“The core of New Thinking is the admission of the primacy of universal human values and the priority of ensuring the survival of the human race,” Gorbachev wrote in his Perestroika manifesto in 1988.

At the legendary Reykjavik summit in 1986, which formally ended in failure but in fact set in motion the events that would end the Cold War, both sides were astonished at just how much they could agree on, suddenly flying through agendas, instead of fighting pitched battles over every point of the protocol.

“Humanity is in the same boat, and we can all either sink or swim.”

General Secretary of the CPSU Central Committee Mikhail Gorbachev (left) and U.S. President Ronald Reagan (right) during their summit meeting in Reykjavik.
RIA Novosti.

Landmark treaties followed: the INF agreement in 1987, banning intermediate ballistic missiles, the CFE treaty that reduced the military build-up in Europe in 1990, and the following year, the START treaty, reducing the overall nuclear stockpile of those countries. The impact was as much symbolic as it was practical — the two could still annihilate each other within minutes — but the geopolitical tendency was clear.

President Reagan: Signing of the INF Treaty with Premier Gorbachev, December 8, 1987

Mikhail Gorbachev, General Secretary of the Communist Party of the Soviet Union and the US president Ronald Reagan.
RIA Novosti.
Mikhail Gorbachev (left) and the US president Ronald Reagan signing an agreement in the White House. Mikhail Gorbachev, General Secretary of the Communist Party of the Soviet Union on the official visit to the USA.
RIA Novosti.

Military analysts said that each time the USSR gave up more than it received from the Americans. The personal dynamic between Reagan — always lecturing “the Russians” from a position of purported moral superiority, and Gorbachev — the pacifist scrambling for a reasonable solution, was also skewed in favor of the US leader. But Gorbachev wasn’t playing by those rules.

“Any disarmament talks are not about beating the other side. Everyone has to win, or everyone will lose,” he wrote.

The Soviet Union began to withdraw its troops and military experts from conflicts around the world. For ten years a self-evidently unwinnable war waged in Afghanistan ingrained itself as an oppressive part of the national consciousness. Fifteen thousand Soviet soldiers died, hundreds of thousands more were wounded or psychologically traumatized (the stereotypical perception of the ‘Afghan vet’ in Russia is almost identical to that of the ‘Vietnam vet’ in the US.) When the war was officially declared a “mistake” and Soviet tanks finally rolled back across the mountainous border in 1989, very few lamented the scaling back of the USSR’s international ambitions.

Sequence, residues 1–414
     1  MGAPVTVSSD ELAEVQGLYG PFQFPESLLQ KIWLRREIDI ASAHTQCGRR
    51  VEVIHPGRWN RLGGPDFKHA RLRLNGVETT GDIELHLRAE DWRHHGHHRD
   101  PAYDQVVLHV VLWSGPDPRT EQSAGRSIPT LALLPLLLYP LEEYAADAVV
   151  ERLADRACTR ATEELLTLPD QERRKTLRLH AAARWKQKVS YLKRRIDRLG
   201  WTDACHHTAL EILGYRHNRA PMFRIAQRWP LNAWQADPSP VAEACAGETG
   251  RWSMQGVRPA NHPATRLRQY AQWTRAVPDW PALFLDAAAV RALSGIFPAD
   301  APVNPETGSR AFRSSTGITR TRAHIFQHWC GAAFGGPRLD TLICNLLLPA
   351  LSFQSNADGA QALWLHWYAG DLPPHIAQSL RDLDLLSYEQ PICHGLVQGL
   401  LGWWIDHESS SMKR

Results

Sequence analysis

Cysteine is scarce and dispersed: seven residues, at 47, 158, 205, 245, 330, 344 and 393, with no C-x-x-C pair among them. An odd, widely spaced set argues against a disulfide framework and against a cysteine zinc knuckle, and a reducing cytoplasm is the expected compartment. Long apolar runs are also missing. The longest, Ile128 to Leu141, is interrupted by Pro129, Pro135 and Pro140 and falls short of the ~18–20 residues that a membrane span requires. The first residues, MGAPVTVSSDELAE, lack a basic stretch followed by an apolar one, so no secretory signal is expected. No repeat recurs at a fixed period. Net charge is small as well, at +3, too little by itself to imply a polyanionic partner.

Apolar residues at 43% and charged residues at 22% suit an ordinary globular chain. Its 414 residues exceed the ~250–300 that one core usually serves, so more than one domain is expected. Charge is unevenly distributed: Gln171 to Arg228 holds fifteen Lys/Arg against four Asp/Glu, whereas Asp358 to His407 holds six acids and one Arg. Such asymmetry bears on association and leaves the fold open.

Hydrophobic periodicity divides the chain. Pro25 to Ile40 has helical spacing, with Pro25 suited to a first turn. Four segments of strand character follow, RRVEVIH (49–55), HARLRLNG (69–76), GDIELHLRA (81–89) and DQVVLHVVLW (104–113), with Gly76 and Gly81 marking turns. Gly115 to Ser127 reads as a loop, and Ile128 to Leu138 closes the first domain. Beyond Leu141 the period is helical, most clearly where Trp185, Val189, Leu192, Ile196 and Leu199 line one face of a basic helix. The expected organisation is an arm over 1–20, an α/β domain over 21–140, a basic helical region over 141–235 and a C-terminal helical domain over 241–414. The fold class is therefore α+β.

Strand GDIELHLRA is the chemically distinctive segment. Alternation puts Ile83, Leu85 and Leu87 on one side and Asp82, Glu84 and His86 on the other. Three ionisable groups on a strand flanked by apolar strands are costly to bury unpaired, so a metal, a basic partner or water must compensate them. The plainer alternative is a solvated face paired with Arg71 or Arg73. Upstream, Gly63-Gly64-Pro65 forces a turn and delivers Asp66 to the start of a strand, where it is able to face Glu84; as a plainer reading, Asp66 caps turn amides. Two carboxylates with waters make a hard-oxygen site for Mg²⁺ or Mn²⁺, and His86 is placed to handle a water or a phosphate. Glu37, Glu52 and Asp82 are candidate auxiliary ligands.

Last Soviet troop column crosses Soviet border after leaving Afghanistan.
RIA Novosti.

Driver T. Eshkvatov during the final phase of the Soviet troop pullout from Afghanistan.
RIA Novosti.Soviet soldiers back on native soil. The USSR conducted a full pullout of its limited troop contingent from Afghanistan in compliance with the Geneva accords.
RIA Novosti.The convoy of Soviet armored personnel vehicles leaving Afghanistan.
RIA Novosti.

In July 1989 Gorbachev made a speech to the European Council, declaring that it is “the sovereign right of each people to choose their own social system.” When Romanian dictator Nicolae Ceausescu, soon to be executed by his own people, demanded — during the 40th anniversary of the Communist German Democratic Republic in October 1989 — that Gorbachev suppress the wave of uprisings, the Soviet leader replied with a curt “Never again!”

“Life punishes those who fall behind the times,” he warned the obdurate East German leader Erich Honecker. Honecker died in exile in Chile five years later, having spent his dying years fending off criminal charges backed by millions of angry Germans.

Russian tanks did pass through Eastern Europe that year — but in the other direction, as the Soviet Union abandoned its expensive bases that were primed for a war that neither side now wanted.

Graffitti at the Berlin Wall.
RIA Novosti.
East German citizens climb the Berlin Wall at the Brandenburg Gate after the opening of the border was announced early November 9, 1989. REUTERS/Herbert Knosowski BEST QUALITY AVAILABLE.
Reuters.
A big section of the Berlin Wall is lifted by a crane as East Germany has started to dismantle the wall near the Brandenburg Gate in East Berlin, February 20, 1990.